British-Syrian journalist Salwa Amor says that the Stop the War movement has lost the respect of Syrians by not supporting their revolution.
Since the revolution in Syria began two and half years ago and was greeted by an oppressive regime with unprecedented force, the world seems to have been silent about the ongoing crimes that have occurred. Besides a few discussions here and there on news networks, it appears to those inside Syria that the world does not care about what is taking place in their land and whether or not their government is committing crimes against humanity.
Prior to the threat of war on Iraq Arabs felt that the West (the people not their governments) finally were beginning to understand their struggle against oppression, occupation and dictatorship. The one million march that took place on the streets of London was a landmark for the people in Iraq and the whole of the Arab world, it was the first time they were able to see a visual solidarity towards their ongoing struggles.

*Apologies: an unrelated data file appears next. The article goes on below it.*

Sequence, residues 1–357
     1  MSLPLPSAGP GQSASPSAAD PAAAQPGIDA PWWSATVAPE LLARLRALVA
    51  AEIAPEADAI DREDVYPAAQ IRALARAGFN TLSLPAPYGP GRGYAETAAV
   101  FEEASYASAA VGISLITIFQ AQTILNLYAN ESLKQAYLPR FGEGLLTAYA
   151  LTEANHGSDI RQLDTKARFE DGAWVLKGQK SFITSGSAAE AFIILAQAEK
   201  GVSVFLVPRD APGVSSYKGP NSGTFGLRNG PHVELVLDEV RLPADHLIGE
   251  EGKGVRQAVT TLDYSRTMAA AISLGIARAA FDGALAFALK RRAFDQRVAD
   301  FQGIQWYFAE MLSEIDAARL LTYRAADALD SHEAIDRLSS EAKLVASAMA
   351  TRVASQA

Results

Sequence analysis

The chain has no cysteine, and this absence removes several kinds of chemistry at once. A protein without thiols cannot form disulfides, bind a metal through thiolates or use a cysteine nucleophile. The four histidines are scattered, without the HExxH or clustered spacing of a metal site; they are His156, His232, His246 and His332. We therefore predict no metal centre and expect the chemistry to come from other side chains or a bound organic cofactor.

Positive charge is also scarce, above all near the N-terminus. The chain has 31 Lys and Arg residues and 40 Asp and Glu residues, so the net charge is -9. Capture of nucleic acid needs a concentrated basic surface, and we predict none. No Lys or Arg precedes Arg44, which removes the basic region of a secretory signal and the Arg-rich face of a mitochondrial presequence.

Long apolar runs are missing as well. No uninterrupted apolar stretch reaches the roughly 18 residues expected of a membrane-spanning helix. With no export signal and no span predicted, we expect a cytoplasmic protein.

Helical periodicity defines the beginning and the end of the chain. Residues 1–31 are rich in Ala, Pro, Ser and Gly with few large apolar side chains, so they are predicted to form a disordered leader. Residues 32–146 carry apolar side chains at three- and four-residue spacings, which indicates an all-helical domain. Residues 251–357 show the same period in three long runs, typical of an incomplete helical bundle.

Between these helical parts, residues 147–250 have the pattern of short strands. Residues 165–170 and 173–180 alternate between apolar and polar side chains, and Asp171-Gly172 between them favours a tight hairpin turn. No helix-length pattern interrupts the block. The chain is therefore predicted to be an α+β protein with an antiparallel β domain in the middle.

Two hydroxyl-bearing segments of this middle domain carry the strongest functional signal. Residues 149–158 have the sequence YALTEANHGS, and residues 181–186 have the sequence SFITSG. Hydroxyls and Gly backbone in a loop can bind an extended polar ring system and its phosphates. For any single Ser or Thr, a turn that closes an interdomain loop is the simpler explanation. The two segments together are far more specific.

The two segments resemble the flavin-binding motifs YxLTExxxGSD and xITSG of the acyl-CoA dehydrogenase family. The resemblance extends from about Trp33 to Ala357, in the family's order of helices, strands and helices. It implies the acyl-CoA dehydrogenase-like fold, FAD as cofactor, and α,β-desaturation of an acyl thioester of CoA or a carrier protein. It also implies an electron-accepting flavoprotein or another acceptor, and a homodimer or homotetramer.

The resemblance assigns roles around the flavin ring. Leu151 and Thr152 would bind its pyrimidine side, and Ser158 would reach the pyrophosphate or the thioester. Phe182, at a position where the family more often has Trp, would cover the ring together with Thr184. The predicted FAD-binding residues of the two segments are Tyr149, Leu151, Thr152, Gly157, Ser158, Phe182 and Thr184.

Fast forward to 2011 and a 26 year old man who worked as a street vendor in Tunisia set himself along with the whole of the Arab region on fire in what was to become the Arab Spring. Egypt followed suit and the anti-war movement cheered on as they witnessed yet another Arab country overthrow their tyrant dictator.